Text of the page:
Grade by Grade Math Targets: Where Does Your Child Stand?

This is a guest post by Kathy from howmuchisit.org, a website that helps consumers find out what things cost.

If you have a child that is in school right now, you may often wonder where your child should stand in terms of their mathematical skills. Sure, while they are getting decent grades, does it really mean that they are up to par with the average student in their grade? To give you a better idea where your child stands, I went ahead and wrote up some key math milestones that every parent should know.

Kindergarten Math

In kindergarten, your child should be able to print, locate, order, read and represent numbers up to at least 10. They should also be able to count to 10 forward and backwards. Using visual objects, your kindergartener should know basic adding, such as adding one more penny to the pile of six.

In terms of measurement, your child should know the different times such as afternoon, night and morning. They should also know the basics of time and the definition of short and tall. Aside from measurements, the average kindergartener will know their basic shapes and patterns.

Second Grade Math

By the second grade, your child should be able to print, locate, order, estimate and identify numbers up to at least 1000. Mentally, they should also be able to add and subtract numbers under 25.

In increments, your child should understand basic counting by 1s, 5s, 10s and 20s.

While most second graders haven’t learned division yet, some that excel can understand the basic fundamentals.

In terms of measurements, second graders should understand the time, the terms inches, yards, feet and centimeters. They should also know the month of the year and the basic reading of a thermometer.

Fourth Grade Math

By fourth grade, it’s almost time for your child to jump ship to middle school. By this time, your child should be able to read numbers up to 10,000 and they should be able to count by any number up to 100.

Your child should also understand basic multiplication up to at least the 10x tables. They should also know how basic decimals work and how to add and subtract them. While fractions may be new to some classes, they should understand the basics by now.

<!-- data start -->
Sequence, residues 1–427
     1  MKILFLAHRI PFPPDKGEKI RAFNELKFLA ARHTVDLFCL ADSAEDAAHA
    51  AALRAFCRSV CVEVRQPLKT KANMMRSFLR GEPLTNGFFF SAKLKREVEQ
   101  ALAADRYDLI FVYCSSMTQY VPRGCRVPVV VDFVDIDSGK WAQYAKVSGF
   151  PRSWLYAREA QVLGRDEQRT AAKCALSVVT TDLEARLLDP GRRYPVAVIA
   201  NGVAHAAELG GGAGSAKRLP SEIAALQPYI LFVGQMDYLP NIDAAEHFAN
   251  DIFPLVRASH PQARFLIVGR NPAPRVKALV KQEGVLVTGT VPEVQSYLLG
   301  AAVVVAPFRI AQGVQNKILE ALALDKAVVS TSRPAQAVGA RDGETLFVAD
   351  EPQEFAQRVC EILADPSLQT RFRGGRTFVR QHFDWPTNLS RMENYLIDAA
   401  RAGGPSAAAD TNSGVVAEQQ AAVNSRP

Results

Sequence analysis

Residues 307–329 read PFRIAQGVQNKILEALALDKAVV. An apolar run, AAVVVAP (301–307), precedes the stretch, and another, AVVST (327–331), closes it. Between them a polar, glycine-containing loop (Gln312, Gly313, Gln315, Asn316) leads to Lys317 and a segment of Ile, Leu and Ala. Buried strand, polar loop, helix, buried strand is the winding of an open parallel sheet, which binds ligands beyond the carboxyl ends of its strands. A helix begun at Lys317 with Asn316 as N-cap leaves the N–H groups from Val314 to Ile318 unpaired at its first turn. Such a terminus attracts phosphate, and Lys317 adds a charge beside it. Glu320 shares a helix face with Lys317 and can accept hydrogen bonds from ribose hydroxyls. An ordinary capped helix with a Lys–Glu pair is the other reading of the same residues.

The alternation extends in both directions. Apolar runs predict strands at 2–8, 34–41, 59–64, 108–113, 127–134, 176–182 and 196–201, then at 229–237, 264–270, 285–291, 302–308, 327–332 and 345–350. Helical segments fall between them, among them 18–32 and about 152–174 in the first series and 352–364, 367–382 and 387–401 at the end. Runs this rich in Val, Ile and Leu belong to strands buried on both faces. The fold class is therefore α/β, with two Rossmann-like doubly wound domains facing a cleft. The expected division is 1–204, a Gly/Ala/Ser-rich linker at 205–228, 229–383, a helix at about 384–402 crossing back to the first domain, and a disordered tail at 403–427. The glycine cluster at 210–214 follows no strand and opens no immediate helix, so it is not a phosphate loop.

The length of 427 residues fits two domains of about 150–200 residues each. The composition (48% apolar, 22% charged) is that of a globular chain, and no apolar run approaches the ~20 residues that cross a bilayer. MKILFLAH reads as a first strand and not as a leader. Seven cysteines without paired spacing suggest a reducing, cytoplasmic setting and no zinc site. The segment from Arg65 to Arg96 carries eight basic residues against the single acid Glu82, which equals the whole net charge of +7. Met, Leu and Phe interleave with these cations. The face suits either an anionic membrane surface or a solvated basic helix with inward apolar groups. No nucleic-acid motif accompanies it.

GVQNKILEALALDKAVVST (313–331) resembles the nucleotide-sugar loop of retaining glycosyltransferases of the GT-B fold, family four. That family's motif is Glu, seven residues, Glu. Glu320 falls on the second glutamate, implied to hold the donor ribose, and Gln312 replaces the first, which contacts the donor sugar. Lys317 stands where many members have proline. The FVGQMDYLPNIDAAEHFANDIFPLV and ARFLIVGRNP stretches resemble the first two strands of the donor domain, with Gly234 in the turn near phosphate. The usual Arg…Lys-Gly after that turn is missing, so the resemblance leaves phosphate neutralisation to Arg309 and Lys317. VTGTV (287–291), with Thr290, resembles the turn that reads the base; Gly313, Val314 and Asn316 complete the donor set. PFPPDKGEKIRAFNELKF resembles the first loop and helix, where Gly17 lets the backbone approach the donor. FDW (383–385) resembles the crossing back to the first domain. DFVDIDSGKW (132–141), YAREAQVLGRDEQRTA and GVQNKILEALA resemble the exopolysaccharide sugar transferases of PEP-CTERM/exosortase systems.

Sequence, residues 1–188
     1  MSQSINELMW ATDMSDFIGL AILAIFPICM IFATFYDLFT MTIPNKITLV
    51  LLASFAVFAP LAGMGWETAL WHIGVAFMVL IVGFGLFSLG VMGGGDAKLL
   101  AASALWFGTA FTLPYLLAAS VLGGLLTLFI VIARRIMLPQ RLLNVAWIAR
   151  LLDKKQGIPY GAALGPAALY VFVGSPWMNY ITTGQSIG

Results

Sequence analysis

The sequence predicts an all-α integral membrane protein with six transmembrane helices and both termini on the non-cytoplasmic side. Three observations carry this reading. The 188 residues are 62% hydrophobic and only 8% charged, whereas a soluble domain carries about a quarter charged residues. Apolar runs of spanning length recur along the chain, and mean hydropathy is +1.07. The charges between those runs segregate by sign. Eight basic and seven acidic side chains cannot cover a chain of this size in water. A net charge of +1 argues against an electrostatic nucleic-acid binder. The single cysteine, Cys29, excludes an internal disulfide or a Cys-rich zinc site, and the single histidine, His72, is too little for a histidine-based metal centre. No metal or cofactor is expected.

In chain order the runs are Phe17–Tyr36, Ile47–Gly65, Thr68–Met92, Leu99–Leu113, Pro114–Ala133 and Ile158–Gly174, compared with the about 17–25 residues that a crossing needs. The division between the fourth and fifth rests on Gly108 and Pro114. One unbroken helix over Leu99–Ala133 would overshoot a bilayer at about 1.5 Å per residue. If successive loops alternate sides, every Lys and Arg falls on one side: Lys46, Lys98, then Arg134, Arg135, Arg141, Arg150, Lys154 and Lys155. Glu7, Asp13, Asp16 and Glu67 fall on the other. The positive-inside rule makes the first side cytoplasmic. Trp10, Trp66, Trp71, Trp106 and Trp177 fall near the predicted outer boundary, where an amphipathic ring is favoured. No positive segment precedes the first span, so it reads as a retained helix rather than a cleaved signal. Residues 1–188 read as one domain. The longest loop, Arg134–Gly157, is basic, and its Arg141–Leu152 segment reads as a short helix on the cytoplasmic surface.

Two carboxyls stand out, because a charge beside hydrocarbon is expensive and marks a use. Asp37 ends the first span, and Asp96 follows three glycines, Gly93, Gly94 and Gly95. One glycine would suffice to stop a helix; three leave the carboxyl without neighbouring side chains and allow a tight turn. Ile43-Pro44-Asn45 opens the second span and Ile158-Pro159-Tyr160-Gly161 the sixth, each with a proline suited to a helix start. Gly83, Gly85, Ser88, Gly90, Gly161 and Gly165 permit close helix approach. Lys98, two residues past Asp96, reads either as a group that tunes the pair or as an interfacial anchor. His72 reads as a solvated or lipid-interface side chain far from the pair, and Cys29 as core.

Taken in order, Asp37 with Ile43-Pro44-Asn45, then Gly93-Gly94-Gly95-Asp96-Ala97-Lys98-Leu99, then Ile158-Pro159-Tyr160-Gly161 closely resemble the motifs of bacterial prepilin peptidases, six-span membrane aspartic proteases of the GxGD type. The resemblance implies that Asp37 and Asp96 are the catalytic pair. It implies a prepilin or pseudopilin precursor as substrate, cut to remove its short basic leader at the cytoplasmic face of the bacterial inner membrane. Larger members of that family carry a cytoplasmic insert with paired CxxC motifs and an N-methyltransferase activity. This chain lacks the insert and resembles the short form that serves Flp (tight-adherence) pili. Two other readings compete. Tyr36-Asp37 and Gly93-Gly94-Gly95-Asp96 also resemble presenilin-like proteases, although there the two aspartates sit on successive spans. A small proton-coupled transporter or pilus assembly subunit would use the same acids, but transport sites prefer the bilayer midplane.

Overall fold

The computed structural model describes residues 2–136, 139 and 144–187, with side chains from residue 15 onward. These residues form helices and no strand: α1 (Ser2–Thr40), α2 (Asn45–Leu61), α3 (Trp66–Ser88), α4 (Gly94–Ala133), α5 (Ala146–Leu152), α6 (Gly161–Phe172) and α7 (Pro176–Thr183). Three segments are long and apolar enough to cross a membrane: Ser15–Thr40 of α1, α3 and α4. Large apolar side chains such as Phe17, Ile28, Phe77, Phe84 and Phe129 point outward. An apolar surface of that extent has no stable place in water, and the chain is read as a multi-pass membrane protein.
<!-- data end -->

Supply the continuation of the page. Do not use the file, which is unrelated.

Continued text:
In the measurement area, the typical fourth grader should understand all the basic measurements. They should know how to make change with money up to \$100 and how to measure perimeters and the area of basic shapes.

As statistics are slowly being introduced to the older elementary students, fourth graders should learn how to use logical when collecting data and how to create graphs with simple data that has been given to them.

Eighth Grade Math

As the last grade in most middle schools, the typical eighth grader should have a wealth of knowledge by now. Eighth graders should know the basics of multiples, integers, square roots and factors. They should also know how to make any basic measurement.

Depending on your child’s skill set, most will be able to solve many
complex problems using a variety of formulas.

In the geometry sector, most student scan and classify many geometric shapes, calculate areas and volumes as well as solve a variety of geometric problems.

12th Grade Math

As your child gears for college, you’re going to find that many seniors in high school are going to be on so many different levels. Some are going to complete Calculus, while some will only take the minimum math requirements necessary. With that being said, here’s where most 12th graders should stand in the math world:

Most high schoolers should have taken math classes up to Algebra II. Here, students should have learned about radical expression and exponents, the binomial theorem, graph ellipses and hyperbolas, linear equations,  probability and permutations and combinations. If this sounds foreign to your child, they probably didn’t pay enough attention in class!

Remember, it’s never too early to start supporting your child’s math learning whether by becoming your own child’s math tutor or by hiring a math tutor from outside.  As you already know, if your child doesn’t understand one math concept, it’s going to be awfully hard to comprehend lessons coming forward!

Kathy Cady runs howmuchisit.org a website that give readers a guide to how much things cost from car seats to cavity removal!

About The Author: Caroline Mukisa is the founder of Maths Insider. A Cambridge University educated math teacher, she's been involved in math education for over 20 years as a teacher, tutor, Kumon instructor, Thinkster Math instructor and math ed blogger. She is the author of the insanely helpful ebook "The Ultimate Kumon Review" and insanely useful website "31 Days to Faster Times Tables" You can follow her math tips on Facebook and follow her on Twitter @mathsinsider